Costa Rica is leading the way in climate action. GIZ is supporting the country in achieving its climate targets. One example is in coffee production, with the ‘Transforma-Innova’ programme financed by the International Climate Initiative and the European Union. The medicinal plant project in Aquiares is an example of a socially just transformation process. It was commissioned by the German Federal Ministry for Economic Cooperation and Development (BMZ) as part of the programme ‘Ideas for Green Recovery in Central America and the Dominican Republic’.
Beyond the coffee bushes
A novel approach to protecting the climate and the environment in Costa Rica – join us on a finca that produces more than just climate-friendly coffee.
Fields of medicinal plants bordering the coffee plantation
But Lizeth Jiménez and Celeste Aguilar are not there to pick coffee cherries. Two years ago, fields of medicinal plants were established on the edge of the coffee plantation. Over an area roughly the size of three football pitches, the main crops here – alongside sage, tarragon, mint and thyme – are oregano and juanilama, a native Costa Rican herb with an antispasmodic effect. Just like oregano, which has antiseptic and expectorant properties, it is used to produce an organic cough syrup. The Plantas Medicinales (medicinal plants) project was set up in cooperation with the Costa Rican pharmaceutical company Lisan, which specialises in natural medicine and sources a large proportion of its raw materials from Aquiares.
Wearing thick grey gloves, 42-year-old Lizeth Jiménez cleans some leaves from an oregano plant. When she talks about her work, her face lights up with a broad smile: ‘All my life, I’ve only ever picked coffee. Now I’m learning about medicinal plants and how to make essential oils and soaps. That makes me feel important.’ Like her colleagues, Lizeth comes from Aquiares and has dedicated her life to her family and coffee. ‘But there was only ever work for us during harvest time,’ she says.
A steady income for women
Lizeth is one of ten women who work on the medicinal plant farm in Aquiares. They sow, harvest, prune and tend the plants, but they also learn how to make products from them – including soaps, gels and essences. What’s particularly good about the medicinal plant project is that the women from the village now have a permanent job and receive a steady wage. ‘It’s almost like a new life,’ she says happily. ‘I get up in the morning and look forward to work. I feel like I’m part of the whole thing.’
Thanks to that secure income, some of the women are even developing ideas for new career opportunities. Take Celeste Aguilar, for example, who became a mother at the age of 16. Now 24, she is studying to become an agronomist. Celeste stresses how much more confident she feels thanks to her job with the medicinal plant project: ‘It shows the men that we can do more than just dig holes.’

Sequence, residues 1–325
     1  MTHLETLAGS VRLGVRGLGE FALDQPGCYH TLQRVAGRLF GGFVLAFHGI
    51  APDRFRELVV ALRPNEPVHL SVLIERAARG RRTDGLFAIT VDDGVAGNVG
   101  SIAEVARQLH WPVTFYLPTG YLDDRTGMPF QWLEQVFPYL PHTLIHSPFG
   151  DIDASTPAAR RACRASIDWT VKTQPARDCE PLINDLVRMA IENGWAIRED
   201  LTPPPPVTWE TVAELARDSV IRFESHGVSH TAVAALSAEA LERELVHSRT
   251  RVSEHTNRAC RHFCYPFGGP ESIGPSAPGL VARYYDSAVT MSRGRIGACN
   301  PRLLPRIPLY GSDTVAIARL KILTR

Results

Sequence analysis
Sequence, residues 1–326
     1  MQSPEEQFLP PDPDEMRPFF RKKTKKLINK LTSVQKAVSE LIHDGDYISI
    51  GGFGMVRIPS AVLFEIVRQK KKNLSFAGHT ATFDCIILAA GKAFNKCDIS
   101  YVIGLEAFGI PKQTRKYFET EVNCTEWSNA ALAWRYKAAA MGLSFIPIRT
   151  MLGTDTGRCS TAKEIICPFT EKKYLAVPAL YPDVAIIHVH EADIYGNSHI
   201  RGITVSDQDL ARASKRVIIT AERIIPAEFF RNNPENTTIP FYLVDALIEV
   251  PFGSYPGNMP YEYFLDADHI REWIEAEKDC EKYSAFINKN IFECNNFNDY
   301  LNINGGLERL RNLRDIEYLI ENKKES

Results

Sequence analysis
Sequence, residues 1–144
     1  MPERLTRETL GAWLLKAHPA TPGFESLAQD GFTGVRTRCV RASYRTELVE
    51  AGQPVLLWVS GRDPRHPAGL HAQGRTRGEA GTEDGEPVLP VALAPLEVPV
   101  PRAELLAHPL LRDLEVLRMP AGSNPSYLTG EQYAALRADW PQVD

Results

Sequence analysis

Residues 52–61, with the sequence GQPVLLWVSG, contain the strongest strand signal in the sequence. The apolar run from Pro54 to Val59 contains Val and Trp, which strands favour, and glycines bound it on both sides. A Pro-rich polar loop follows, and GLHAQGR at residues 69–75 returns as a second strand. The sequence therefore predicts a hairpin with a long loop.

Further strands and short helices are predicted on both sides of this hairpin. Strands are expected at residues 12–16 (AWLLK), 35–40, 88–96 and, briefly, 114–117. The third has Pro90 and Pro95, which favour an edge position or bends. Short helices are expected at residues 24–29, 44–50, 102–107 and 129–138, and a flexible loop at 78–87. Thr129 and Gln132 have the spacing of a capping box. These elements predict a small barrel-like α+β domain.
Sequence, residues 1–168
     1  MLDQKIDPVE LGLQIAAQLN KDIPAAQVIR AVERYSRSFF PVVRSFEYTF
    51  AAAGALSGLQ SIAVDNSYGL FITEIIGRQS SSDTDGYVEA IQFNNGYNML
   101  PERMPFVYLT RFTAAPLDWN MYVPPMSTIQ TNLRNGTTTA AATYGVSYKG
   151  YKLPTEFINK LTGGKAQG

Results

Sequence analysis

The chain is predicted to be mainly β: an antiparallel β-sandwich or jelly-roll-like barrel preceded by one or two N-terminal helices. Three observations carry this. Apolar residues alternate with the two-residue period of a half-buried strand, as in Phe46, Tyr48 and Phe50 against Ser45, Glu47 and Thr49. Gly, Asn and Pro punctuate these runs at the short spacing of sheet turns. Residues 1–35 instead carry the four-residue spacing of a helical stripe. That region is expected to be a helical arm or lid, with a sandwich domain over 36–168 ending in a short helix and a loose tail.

So how did medicinal plants end up on Costa Rica’s largest coffee farm?
The owners of the Aquiares coffee farm took the decision some years ago to focus on sustainable and environmentally friendly production and also looked at ways of diversifying their business. ‘There was such a tremendous need after the pandemic that we quickly developed several project ideas,’ explains Diego Robelo, Managing Director and co-owner of Aquiares. ‘And we were lucky that Lisan needs the leaves of the eucalyptus we plant and tend on our coffee plantation for its cough syrup.’ As part of a wider strategy of sustainable and diversified cultivation, the trees also provide shade and store CO2.
The collaboration with Lisan gradually expanded, and the idea of medicinal plant fields was developed. Aquiares bought and repurposed land near the village that had been exhausted after years of coffee-growing, giving women the chance to earn a steady income that was not dependent on the usual harvesting cycles. ‘The idea is not only sustainable and green,’ says Robelo. ‘It’s a niche business opportunity, too.’ It’s also an idea that invests in the economic participation of women in the region – a win-win situation at many levels.
Partnership with the private sector
The Deutsche Gesellschaft für Internationale Zusammenarbeit (GIZ) GmbH has been working with Aquiares for many years and supported the finca’s plans for climate-friendly coffee production. GIZ also advised on the use of organic fertilisers and worked with Lisan to train the women in agriculture and organic production. ‘We even received direct support to purchase a boiler and a distillation plant for the essential oils,’ Robelo points out. ‘Without GIZ, we wouldn’t have been able to get started so quickly.’ The success of the Plantas Medicinales project is also down to the collaboration with Lisan – another great example of a public-private partnership (PPP) with a development focus.